Challenges or the I’m a miserable failure post

This week I decided I’d do a few wrap-up posts and I’m starting with challenges (my original list). I figured it would be an easy one since almost all attempts were botched this year.

So, jumping in, it’s the end of the year and I’ve failed at most of the reading challenges I entered this year. It was bound to happen. There are so many challenges and I always tend to over estimate what I’m capable of reading in a year. I kept signing up but somehow I didn’t keep reading.

The tally, here goes… In 2012, I managed to complete The Stephen King Project, reading more books than I thought I would thanks to a co-worker who gave me several of King’s books and got me started. For the Gender in SciFi Challenge, I managed only three of six. The Back to the Classics Challenge was even worse; of the nine on my list, I finished one and quit another. The Tea and Books Reading Challenge also had a pathetic showing; I was going to read four and only read one. In fact, I never even picked the fourth book for the challenge. For the BHA Book Club, which isn’t really a challenge but since I’m already adding up what I didn’t do I thought I throw it in, I read three books.

My personal re-reading challenge was also a bust — I had seven on my list and finished three. Since getting a Nook, I’ve started keeping track of the ebooks I read and this year I read 28 which is down from 36 the year before.

In general, I read less this year which shouldn’t make my failing challenges a big surprise. I know a lot of people who’ve stopped taking on challenges and maybe that’s why I haven’t seen many posts for 2013, that, and I’ve been ignoring all my feeds. I think what I’m going to do is continue my 2012 challenges into 2013 and finish out what’s on my list because there are some great books on that list. Also, I’m not going to feel any guilt about it. Books will get read in the end.

It’s your turn, did you finish any challenges this year? Feel free to gloat if you managed a ton.


Review – Madame Bovary

Okay, to be clear, this book was not at all what I thought it would be. I was, no lie, expecting torrid sex scenes. Why? I have no idea. I just was. Funny thing is, I don’t read anything even approaching erotica so I’m not sure where this thought came from. Obviously, something was lost in translation for me.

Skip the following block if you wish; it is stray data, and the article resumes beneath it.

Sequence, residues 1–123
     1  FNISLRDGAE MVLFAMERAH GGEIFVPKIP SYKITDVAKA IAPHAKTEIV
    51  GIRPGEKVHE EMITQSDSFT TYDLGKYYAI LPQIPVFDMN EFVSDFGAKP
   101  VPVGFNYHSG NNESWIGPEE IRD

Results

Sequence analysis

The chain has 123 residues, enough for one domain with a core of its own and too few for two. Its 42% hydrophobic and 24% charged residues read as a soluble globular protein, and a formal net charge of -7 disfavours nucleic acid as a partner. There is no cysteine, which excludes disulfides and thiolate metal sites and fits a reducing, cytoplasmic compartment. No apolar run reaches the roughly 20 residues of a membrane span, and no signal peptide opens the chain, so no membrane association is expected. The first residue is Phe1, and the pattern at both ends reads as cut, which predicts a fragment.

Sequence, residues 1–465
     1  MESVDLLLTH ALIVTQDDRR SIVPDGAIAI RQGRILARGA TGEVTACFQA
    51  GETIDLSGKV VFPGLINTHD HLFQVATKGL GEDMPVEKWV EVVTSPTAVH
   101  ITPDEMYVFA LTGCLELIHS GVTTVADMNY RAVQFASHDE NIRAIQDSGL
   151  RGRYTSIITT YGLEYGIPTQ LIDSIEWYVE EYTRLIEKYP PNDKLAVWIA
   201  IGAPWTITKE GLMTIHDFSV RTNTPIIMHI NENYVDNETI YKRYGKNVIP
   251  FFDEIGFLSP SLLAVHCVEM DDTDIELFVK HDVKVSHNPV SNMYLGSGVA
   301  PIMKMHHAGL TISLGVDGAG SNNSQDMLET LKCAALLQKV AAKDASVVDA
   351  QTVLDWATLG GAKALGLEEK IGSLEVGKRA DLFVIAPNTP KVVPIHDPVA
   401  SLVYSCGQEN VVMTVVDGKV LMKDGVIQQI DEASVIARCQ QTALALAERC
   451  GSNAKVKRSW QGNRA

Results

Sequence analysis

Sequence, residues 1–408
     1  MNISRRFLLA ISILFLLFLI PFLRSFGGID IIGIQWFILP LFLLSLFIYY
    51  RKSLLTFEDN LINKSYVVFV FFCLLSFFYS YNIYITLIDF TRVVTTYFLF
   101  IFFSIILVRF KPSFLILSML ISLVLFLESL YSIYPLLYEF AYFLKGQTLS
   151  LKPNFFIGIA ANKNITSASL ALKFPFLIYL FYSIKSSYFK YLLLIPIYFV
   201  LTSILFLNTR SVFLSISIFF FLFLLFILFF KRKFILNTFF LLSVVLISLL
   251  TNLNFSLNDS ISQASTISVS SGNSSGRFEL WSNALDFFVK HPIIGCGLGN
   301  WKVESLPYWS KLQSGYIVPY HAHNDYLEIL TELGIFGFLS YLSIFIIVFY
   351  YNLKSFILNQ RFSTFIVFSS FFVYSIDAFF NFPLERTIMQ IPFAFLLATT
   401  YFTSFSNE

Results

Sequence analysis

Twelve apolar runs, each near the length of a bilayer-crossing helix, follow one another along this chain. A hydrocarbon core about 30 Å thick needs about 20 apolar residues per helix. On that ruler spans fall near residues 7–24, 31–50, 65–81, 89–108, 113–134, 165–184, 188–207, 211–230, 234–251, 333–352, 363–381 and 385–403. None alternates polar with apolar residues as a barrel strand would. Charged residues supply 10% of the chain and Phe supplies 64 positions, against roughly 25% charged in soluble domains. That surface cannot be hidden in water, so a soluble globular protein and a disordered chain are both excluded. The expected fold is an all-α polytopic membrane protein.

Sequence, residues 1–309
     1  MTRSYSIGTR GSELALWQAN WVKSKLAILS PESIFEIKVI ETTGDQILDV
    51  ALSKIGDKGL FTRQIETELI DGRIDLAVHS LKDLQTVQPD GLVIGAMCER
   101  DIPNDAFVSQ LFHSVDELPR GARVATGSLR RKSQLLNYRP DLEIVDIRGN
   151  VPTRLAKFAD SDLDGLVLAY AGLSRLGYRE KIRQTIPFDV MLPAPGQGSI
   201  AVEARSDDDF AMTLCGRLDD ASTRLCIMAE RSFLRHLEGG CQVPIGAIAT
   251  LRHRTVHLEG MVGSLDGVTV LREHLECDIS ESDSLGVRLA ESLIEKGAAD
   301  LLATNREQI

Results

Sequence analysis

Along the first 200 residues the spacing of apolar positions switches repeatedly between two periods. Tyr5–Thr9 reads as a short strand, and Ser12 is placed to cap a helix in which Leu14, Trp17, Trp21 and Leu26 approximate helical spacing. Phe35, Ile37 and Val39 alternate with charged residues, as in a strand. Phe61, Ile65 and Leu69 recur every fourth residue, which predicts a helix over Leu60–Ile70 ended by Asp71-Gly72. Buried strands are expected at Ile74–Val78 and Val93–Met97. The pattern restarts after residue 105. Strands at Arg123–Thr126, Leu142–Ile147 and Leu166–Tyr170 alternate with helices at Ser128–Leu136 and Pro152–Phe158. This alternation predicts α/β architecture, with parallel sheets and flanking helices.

Charles Bovary is a less than ambitious man but he’s a good man. A doctor by trade, he’s happy practicing in a quiet French hamlet. After he starts his medical practice, his mother finds him a wife; an older and rather unhappy woman who dies early on in their marriage leaving Charles the opportunity to find love. He believes he may have found it in a woman named Emma who he met while setting her father’s broken leg. Emma has dreams, the first of which is to get away from her father’s home, so when Charles asks, she agrees to marry him. Married life is agony for her. She has a pleasant home, a husband who cares for her immensely — almost to the point of smothering her — and she has few tangible complaints. What she wants is romance though. After attending a ball, it’s all she can think about and her boring life holds no interest for her. Charles decides that Emma needs a change of scenery and moves the family (a child will soon be born to the couple) to Yonville. Emma soon finds herself entranced by a law student, Léon Dupuis, who seems to return her affection. Appalled by her own thoughts, she refuses to act and Léon soon leaves to finish his degree.

However, when Emma meets Rodolphe Boulanger, all thoughts of propriety go out the window and she gives in to his advances and starts the affair. She wants to run away, but Rodolphe, who has had several mistresses, decides that she is too clingy and breaks off the affair on the morning they’re to leave town together. Shattered by the end of the affair, Emma falls into a deep depression and sickness. When she finally recovers, Charles again tries to re-interest her in life this time believing the theatre will be the answer. It’s here that she once more meets Léon and begins her second affair. Lie after lie build up as do her debts. Emma is incapable of handling the lies or the debts and begins begging others for help, which doesn’t arrive. In a final dramatic act, she deals the only way she can.